Depression is not an easy subject to explain. Most people have an idea of what it is in theory, but very few understand it in practice. This includes people who suffer from it. Turns out, just like getting poisoned doesn't make you a master toxicologist, getting depression doesn't make you a master psychologist.
And for that matter, I'm not one either. I couldn't fully explain what depression is in theory.
But I can explain what it is in practice.
1. Depression is a mental illness.
It does not mean I'm deranged, unintelligent, prone to flights of fancy, or that I'm lazy.
It means that there is something wrong with my brain. A problem that cannot be overcome by willpower alone. It would be like fixing a broken arm by flexing it. It doesn't happen. Placebo effects can trick a positive reaction for a short time, but therapy and, in most cases, actual medication are necessary.
You cannot tell me to "think positively" and expect it all to work out, because thinking positively is practically impossible for me. Outright impossible. I can fake it. I can think less negatively. But thinking positively is as hard as walking on a broken leg.
1a. Mental illnesses ARE physical illnesses, they are just invisible.
People have this idea of "Okay, so there's physical illnesses, and mental illnesses." The truth is, your brain is a physical organ. Whether you believe in a soul or not (I do), the brain itself is where depression is located, and it's a physical organ. Ergo, Depression, and all other mental illnesses, are physical illnesses.
They are REAL. As real as any gaping wound in your arm.
2. Depression destroys motivation and ambition.
First of all, motivation and incentive are too different things.
Incentive is the need for you to do something. I have PLENTY of this, I don't need people heaping it on me.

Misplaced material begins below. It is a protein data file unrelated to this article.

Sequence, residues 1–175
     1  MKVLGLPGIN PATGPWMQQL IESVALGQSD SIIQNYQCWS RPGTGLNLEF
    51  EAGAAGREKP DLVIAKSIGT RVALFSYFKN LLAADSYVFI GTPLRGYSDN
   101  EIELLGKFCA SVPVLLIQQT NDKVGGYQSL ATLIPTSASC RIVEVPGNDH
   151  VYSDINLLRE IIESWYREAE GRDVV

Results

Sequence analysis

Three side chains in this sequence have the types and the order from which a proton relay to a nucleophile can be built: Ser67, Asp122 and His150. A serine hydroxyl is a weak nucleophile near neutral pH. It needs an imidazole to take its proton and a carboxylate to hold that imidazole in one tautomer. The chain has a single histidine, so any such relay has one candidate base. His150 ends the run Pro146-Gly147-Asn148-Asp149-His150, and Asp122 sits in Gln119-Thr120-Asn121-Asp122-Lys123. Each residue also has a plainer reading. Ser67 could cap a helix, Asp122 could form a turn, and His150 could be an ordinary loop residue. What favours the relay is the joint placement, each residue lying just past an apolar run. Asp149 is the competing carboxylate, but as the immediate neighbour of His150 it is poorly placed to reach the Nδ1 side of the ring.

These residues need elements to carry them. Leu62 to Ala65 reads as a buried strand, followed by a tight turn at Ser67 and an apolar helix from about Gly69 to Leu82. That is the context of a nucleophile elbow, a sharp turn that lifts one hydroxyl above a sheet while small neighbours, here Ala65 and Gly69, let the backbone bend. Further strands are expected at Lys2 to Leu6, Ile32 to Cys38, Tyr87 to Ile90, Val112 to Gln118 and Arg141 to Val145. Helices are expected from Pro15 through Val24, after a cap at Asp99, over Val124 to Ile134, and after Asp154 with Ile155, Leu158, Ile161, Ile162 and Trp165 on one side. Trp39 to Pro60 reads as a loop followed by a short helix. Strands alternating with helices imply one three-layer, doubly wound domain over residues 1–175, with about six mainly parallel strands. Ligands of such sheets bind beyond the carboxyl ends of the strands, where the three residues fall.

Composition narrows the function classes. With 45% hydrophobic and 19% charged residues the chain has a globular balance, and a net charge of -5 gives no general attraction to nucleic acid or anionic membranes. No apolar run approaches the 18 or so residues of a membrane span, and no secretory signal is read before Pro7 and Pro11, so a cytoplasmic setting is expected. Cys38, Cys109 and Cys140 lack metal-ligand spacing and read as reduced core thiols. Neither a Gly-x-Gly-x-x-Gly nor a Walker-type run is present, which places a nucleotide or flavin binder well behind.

Motivation is the urge to accomplish something. I have NONE of this. Day to day life is a struggle for me emotionally. Often times, I just float through life, meeting the necessary requirements for my morale and my physical needs. Except for food.
Depression also destroys your willpower. I'm lucky I have as much as I do.
3. Depression affects your body
Depression makes you ache. Depression makes you emotional. Depression makes you hungry, or not hungry. Depression can make you not hungry one moment, then starving the next. Depression can make you eat even when you're not hungry, just something to help yourself feel better, only to make yourself feel worse.
4. Depression feeds itself.
I am depressed. I don't talk about my depression because it brings down other people. I feel isolated because of this, and I get depression. So I don't talk about it because I don't want to drag people down. So I feel even more isolated.
In addition, you can be depressed for no reason, and depression will find a reason to latch onto to make you feel MORE depressed. So you feel bad about "hunting for a reason to be depressed", and that just makes you even MORE depressed.
Depression also encourages bad habits (and the destruction of good ones) due to general apathy.
5. Depression doesn't care
It doesn't matter if you're Republican, Liberal, Tea-Party, Rich, Well-off, Poor, Working, Unemployed, Religious, Atheistic, Agnostic, Male, Female, what race you are, hard working, barely working, thin, fat, fit, unfit, single, taken, well-raised, or abused. Depression will find you. And it will strangle your emotions, your drive, your sense of existence, until there's nothing left but a hollow existence.
Depression can develop any number of ways. While those with a shitty life tend to develop depression more often than people who don't, it doesn't mean that rich people with depression are any less legitimate than poor people with it.
Though it IS important to point out that rich people with depression have a LOT more options than poor people with depression.
6. Depression can make you afraid to stick your neck out.
I've written this far. For a moment, I thought about just... giving up. Closing the tab, and forgetting I ever tried to write this. "I mean, who could ever value anything I have to say about the subject? I'm not even sure everything I've posted is 100% correct, either." I'm still going to write it, and I'm going to post it, because I want to overcome these tendencies.
I hope that what I've written is educational. This is as much for me as it is for everyone else.
Turns out, leaving that cave is a lot harder than it seems.